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Rhonda Zurn, College of Science and Engineering, email@example.com, (612) 626-7959 MINNEAPOLIS / ST. PAUL (7/22/2010) –- University of Minnesota mechanical engineering student Stephanie N. Zastrow is one of only five students nationally named as a 2010 Laureate by Tau Beta Pi, the world’s largest engineering society. Zastrow is the first University of Minnesota student to receive this award since its inception in 1982.
The annual laureate program is Tau Beta Pi’s highest honor recognizing gifted engineering students who have excelled in areas beyond their technical majors. 2010 award winners will receive a $2,500 cash award and a commemorative plaque at Tau Beta Pi's annual convention on Oct. 9.
Zastrow, a rising senior in the University of Minnesota’s College of Science and Engineering, was cited for her achievements in athletics. She is an accomplished figure skater who has competed for 14 years in regional and national competitions and has more than 100 medals. She is a five-time Minnesota state champion, two-time alternate to nationals, and an international medalist. At age 15, she became only the 25th person in the world to pass the Ice Skating Institute's level 10 freestyle test.
“I am very honored to receive this award and be recognized for both my athletic and engineering accomplishments,” Zastrow said. “Skating has been a part of my life since I was 5 years old. It’s taught me organization and time management, as well as how to set goals. I’ve been able to use all of these skills to further my engineering education and career.”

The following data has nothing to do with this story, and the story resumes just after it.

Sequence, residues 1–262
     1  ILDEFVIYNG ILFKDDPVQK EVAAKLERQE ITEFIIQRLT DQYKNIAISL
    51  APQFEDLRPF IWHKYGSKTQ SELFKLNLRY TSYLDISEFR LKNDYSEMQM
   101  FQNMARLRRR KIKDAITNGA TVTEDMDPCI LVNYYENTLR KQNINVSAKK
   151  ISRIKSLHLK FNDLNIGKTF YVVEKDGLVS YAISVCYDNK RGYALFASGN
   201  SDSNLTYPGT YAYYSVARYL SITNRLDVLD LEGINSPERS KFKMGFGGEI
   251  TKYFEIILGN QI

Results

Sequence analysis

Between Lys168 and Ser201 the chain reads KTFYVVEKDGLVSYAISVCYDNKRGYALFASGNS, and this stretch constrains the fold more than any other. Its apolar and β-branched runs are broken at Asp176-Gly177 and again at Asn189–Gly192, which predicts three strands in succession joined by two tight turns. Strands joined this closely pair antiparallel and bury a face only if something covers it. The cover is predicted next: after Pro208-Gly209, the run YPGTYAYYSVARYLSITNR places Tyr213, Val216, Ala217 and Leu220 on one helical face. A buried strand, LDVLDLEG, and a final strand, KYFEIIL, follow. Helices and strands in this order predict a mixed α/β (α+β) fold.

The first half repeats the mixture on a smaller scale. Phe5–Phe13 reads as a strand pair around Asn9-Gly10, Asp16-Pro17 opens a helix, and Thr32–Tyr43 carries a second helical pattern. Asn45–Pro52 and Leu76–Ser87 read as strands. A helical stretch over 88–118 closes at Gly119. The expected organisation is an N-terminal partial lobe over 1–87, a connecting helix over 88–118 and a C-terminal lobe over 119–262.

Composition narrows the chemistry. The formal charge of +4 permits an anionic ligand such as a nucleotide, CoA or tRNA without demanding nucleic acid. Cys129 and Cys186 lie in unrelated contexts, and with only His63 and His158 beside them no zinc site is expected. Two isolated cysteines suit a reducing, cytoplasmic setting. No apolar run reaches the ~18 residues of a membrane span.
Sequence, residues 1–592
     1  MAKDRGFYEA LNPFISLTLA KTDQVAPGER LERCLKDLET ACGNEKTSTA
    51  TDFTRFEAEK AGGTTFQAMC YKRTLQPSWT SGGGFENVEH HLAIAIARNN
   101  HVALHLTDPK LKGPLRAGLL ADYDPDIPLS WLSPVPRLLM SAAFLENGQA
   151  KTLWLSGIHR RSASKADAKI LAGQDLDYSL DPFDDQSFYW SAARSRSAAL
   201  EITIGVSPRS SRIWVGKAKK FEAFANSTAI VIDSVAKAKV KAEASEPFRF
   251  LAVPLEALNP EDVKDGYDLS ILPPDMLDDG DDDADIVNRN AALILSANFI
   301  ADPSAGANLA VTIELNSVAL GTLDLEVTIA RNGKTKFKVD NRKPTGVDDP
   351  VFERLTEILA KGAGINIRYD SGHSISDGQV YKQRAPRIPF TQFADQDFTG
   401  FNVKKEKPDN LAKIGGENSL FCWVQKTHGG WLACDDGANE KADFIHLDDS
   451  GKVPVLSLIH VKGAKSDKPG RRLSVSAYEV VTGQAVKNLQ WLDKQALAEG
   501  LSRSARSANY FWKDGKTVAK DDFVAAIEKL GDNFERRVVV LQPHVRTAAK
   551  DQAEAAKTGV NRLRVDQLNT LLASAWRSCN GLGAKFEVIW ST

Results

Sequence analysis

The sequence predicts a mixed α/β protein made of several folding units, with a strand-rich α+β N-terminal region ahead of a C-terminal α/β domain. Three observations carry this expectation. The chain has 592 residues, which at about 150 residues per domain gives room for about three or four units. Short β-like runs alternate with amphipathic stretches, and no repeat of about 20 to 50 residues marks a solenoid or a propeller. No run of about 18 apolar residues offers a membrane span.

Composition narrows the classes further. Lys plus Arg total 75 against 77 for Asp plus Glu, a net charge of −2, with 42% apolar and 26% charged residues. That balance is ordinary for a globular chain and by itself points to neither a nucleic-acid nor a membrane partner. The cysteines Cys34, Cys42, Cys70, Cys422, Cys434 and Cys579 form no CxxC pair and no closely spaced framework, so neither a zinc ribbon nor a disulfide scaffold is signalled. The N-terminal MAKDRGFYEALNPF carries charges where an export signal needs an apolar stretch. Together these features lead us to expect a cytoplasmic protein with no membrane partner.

In addition to skating, Zastrow spends many hours volunteering at local skating rinks and coaching younger skaters. She also volunteers as a judge at test sessions and competitions, tutors younger skaters in English and calculus, and serves as a mentor and role model. Zastrow is a member of the U.S. Figure Skating collegiate committee.
Zastrow is a student in the University of Minnesota Honors Program and serves as a student ambassador. Her research with mechanical engineering professor Will Durfee has included developing a computer program to create a virtual reality simulator for human dentistry.
Zastrow, who will be president of the Minnesota Alpha Chapter of Tau Beta Pi in 2010-11, recently served as the chapter's project coordinator. In that role, she planned the Kits 4 Kids annual fundraiser to buy engineering-related toys for donation to Toys 4 Tots during the holiday season. She is also active in Pi Tau Sigma and the Society of Women Engineers. Zastrow plans to graduate in May 2011.
Tau Beta Pi has initiated 516,000 members since it was founded in 1885. Headquartered in Knoxville, Tennessee. Tau Beta Pi has 236 active collegiate chapters and 18 active alumnus chapters throughout the country. For more information, visit www.tbp.org.
MINNEAPOLIS / ST. PAUL (7/22/2010) –- University of Minnesota mechanical engineering student Stephanie N. Zastrow is one of only five students nationally named as a 2010 Laureate by Tau Beta Pi, the world’s largest engineering society. Zastrow is the first University of Minnesota student to receive this award since its inception in 1982.